Tyne & Wear

MPs to debate Gateshead head teacher's school funding petition

School children
Image caption Head teachers say they are having to balance the costs of extra classes, with the cost of staffing, equipment and even maintenance

A petition started by a head teacher in Gateshead demanding more funding for schools is to be debated in Parliament.

Andrew Ramanandi, head of St Joseph's Primary School in Blaydon, says trying to "make ends meet" with the budget is "verging on almost impossible".

The government said it had "increased funding by an extra £1.3bn across this year and next".

MPs will discuss the online petition, which attracted more than 100,000 signatures, on Monday.

Balancing the books

Mr Ramanandi, said: "It's very much a national petition. I think as a country we're heavily invested and concerned about the quality of education because we know how important it is.

"We do the very best so we can to enable our children to get the best chance in life, the best start in life, and when we're impeded in being able to do that because of funding issues... it impacts across the country doesn't it?"

Head teachers across the region say they are having to balance the costs of extra classes with the cost of staffing, equipment and even maintenance.

Anna Turley, Labour MP for Redcar, said: "I was told that one of the head teachers in my area had to make one of the cleaning staff redundant to meet the budget that year, but was so upset about it and realised that this just wasn't practical and wasn't safe and hygienic.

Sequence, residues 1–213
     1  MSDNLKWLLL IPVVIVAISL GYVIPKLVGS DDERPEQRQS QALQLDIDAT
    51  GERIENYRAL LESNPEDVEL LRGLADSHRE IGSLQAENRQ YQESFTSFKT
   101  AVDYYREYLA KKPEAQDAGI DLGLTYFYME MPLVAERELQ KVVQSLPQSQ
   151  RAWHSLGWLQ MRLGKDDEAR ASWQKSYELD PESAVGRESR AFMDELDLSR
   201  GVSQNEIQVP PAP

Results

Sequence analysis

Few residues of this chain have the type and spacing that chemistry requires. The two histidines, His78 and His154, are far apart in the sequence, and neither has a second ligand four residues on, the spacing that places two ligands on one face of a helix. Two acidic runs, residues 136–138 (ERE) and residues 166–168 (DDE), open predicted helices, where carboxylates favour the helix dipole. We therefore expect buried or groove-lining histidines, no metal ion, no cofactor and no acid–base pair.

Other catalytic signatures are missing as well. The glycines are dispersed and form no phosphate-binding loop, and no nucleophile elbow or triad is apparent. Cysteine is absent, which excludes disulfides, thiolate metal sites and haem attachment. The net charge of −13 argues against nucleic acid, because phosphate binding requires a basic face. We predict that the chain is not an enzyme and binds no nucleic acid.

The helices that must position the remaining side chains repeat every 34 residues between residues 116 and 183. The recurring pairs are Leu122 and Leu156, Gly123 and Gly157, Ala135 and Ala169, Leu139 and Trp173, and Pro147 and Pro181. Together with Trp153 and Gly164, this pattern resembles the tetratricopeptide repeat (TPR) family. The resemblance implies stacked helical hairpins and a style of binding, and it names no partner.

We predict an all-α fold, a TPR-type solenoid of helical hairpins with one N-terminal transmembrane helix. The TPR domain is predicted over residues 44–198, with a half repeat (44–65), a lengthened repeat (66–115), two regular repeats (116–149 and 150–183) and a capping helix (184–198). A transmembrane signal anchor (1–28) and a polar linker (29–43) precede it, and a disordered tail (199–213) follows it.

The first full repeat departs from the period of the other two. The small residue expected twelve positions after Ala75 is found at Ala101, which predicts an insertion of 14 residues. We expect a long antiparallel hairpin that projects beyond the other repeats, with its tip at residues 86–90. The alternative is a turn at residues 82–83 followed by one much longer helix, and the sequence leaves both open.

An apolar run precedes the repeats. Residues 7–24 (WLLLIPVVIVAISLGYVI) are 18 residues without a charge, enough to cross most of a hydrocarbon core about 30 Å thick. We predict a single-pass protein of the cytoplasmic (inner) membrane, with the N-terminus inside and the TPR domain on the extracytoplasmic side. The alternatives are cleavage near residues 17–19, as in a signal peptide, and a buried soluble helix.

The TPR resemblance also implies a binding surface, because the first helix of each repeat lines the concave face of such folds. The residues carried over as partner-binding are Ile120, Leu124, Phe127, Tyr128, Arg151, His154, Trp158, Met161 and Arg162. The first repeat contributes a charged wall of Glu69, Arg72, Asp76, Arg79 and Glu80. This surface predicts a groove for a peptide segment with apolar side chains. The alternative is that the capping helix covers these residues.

"He is now paying that member of cleaning staff from his own salary."

Image caption Andrew Ramanandi started the petition calling for an increase in funding for schools in December

Mr Ramanandi added: "It's about cost and resource ultimately... I want my children to sing and to dance and to play the drum and to be able to paint.

"If I narrowed our curriculum down to maths and English, they're not going to be the sorts of active, passionate, successful citizens our country needs them to be."

In a statement, a Department for Education spokesperson said: "While there is more money going into our schools than ever before, we recognise the budgeting challenges schools face and that we are asking them to do more. The total core schools and high needs budget will rise from almost £41bn in 2017-18 to £43.5bn by 2019-20.

"Despite all of this, we do recognise that budgets remain tight. That is why we are supporting schools and head teachers to make the most of their budgets and reduce costs on things like energy, water bills and materials."

You can see more on this story on Sunday Politics on BBC One at 11:00 GMT on 3 March.

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